Although I don’t celebrate American Thanksgiving, because I’m Canadian, I know all too much about what it’s like to be forced to go to family holidays, as there are numerous Jewish holidays throughout the year. I’m not saying that everyone feels forced to go. I’m sure a lot of people love seeing their families and enjoy spending time with them. I’m sometimes this person. While I love each of my family members individually, sometimes it’s hard when we’re all together. There’s a certain tenseness, shall we say, that surrounds these big dinners and gatherings that puts me on edge, even when I’m not hosting the gathering, which is never.
But, yes, I have gotten out of these holiday gatherings. Why? Well, sometimes I…just…don’t…want…to…go. As an adult, I feel that I should have a choice in these matters. I mean, when it comes to friends, and I don’t want to go out and party with them, I just don’t go. But family pressure is a whole other issue. There is guilt involved. It’s Thanksgiving! It’s Yom Kippur! It’s Christmas! It’s Hanukkah! YOU NEED TO BE THERE OR THE WORLD WILL END!
One of my cousins, who we have to get together with during these holiday gatherings, just doesn’t like me. I can handle people not liking me, but they need a good reason to not like me, and his reason sucks. This one family member doesn’t like me because I got pregnant and was not married (he’s very conservative). So we can go an entire evening together without him saying a word to me, and that just puts me in a mood and I’m like, “What the fuck am I doing here in this guy’s house when he hates me?”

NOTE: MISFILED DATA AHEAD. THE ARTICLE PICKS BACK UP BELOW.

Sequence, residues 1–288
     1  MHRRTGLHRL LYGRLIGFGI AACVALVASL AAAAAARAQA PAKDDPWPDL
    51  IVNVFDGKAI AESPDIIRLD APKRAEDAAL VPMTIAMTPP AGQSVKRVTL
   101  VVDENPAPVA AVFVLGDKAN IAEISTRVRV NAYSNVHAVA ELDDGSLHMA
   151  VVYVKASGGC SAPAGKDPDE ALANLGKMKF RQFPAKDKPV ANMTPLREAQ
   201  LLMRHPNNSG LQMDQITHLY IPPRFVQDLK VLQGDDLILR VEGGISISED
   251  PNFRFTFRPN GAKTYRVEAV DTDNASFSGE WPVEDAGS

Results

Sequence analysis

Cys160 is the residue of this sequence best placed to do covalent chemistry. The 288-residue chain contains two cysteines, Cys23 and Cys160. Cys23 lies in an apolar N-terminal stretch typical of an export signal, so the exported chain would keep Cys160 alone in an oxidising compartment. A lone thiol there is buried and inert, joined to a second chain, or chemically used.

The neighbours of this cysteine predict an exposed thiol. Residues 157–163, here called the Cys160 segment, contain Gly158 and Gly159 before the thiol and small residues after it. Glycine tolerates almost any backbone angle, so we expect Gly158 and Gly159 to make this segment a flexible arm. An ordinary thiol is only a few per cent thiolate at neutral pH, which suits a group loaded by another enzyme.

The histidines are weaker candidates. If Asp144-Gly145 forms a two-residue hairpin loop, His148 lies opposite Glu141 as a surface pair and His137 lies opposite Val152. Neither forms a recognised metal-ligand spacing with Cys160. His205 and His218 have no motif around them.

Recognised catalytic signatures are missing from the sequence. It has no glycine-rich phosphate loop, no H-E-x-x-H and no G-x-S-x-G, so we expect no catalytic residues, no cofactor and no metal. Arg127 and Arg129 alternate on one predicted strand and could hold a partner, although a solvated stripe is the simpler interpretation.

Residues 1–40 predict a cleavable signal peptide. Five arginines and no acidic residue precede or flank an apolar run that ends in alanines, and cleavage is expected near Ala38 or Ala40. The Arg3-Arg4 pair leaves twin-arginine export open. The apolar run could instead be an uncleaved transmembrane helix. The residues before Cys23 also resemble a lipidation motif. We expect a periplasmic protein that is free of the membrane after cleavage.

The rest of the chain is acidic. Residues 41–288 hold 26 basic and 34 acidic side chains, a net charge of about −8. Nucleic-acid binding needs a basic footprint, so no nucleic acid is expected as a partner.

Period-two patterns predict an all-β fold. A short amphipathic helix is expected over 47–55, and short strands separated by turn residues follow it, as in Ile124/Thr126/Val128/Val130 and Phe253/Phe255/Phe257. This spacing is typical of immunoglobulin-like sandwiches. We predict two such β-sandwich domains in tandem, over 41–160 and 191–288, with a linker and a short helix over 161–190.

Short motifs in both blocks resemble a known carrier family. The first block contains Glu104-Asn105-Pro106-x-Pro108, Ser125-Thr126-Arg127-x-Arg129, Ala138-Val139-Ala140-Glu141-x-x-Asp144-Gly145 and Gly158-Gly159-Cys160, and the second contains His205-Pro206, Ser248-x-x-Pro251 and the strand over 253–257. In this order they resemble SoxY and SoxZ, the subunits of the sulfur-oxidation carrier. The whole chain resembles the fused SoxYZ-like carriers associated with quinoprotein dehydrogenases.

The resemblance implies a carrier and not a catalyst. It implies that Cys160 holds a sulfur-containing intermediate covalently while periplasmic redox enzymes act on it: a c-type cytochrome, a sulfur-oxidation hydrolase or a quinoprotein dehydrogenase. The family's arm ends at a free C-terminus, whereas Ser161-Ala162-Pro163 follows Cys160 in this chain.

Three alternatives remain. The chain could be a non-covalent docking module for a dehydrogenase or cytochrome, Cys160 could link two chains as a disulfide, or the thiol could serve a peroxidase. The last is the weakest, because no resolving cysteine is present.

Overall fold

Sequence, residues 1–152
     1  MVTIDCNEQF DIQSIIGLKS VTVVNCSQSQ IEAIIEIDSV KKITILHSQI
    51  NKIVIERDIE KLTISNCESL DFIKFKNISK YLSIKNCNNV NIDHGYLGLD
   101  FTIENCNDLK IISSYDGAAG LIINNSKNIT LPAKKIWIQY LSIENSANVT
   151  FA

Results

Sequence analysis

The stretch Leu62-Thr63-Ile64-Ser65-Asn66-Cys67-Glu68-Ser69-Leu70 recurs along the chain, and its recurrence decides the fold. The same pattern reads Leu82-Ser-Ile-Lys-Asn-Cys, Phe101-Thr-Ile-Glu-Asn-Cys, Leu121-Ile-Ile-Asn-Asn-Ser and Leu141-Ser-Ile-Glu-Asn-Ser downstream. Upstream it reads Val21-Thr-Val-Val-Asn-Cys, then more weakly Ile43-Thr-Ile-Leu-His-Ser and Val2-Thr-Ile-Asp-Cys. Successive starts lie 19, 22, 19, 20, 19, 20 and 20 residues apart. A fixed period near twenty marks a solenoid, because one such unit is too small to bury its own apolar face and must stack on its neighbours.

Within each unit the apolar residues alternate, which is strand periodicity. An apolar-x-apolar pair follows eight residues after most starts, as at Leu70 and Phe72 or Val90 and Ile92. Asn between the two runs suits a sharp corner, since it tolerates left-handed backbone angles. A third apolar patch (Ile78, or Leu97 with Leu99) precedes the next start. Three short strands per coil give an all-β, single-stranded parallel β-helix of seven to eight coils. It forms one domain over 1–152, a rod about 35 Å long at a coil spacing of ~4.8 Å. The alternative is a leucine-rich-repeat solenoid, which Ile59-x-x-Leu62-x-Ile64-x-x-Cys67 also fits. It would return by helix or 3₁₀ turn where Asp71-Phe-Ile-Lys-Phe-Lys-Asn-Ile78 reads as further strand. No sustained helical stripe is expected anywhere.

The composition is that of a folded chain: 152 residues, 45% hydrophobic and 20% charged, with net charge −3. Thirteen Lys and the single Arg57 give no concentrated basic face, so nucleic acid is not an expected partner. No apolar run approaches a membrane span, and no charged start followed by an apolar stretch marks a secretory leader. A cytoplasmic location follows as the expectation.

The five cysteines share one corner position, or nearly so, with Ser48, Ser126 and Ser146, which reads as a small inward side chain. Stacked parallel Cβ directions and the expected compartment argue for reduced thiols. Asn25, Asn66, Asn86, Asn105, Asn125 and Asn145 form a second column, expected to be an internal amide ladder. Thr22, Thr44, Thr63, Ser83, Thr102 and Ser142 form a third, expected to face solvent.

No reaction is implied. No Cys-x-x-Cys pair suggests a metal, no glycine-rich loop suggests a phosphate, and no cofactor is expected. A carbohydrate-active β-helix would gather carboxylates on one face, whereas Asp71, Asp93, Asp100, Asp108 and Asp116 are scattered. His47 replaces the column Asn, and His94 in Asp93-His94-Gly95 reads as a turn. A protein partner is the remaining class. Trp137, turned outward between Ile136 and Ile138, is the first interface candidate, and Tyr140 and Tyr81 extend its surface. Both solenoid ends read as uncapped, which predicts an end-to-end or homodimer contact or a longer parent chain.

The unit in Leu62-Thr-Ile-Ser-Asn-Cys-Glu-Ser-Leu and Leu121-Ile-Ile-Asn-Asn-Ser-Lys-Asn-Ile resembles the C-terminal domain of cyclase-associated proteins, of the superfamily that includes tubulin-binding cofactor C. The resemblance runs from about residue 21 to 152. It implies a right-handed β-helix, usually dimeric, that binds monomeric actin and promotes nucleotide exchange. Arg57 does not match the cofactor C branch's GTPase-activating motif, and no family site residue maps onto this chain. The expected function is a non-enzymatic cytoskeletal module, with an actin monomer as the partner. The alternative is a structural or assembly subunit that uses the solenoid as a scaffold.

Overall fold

He also doesn’t like my sister-in-law because she’s not Jewish (the horror!) The only reason my sister-in-law and I both sometimes go to their house for family gatherings is because we make it fun and bet on the evening. We make a bet to see who he will talk to more, and quite frankly, over the years, neither of us has won, because he doesn’t talk to either of us.
Sometimes, I just don’t want to hang out with my family as a whole. So I will call them and say, “I’m not coming.” And then will give my excuse which is I’m feeling kind of depressed, which is usually the truth, but apparently, my family, and parents especially, don’t seem to think that’s a good enough reason. So there’s guilt.
My sister-in-law seems to have it right. She’s a lot like me. Sometimes we love hanging out with the family and sometimes we don’t. When she doesn’t want to be at a family gathering, she says either she’s not feeling well (could be true but not! LIAR!) Or she books a trip with my brother so they are out of town.
Yes, I know it’s family and, trust me, I’m a firm believer that family comes first. It’s just these types of “family holidays” that piss me off because of the obligation factor. I do feel worse for my American friends who have to travel across the country to visit their families for any holidays and then end up sleeping on couches or sharing a room or bunk bed with their 3-year-old nephews. At least my family is in town and I can see them whenever I want.
I’m not sure exactly how to make these holidays seem like less of an obligation and more of maybe an exciting adventure or vacation. Perhaps we should all suggest we meet our families in Maui for all the holidays. Then, I’d definitely be there and make no excuses not to go. And, by the way, I hate turkey.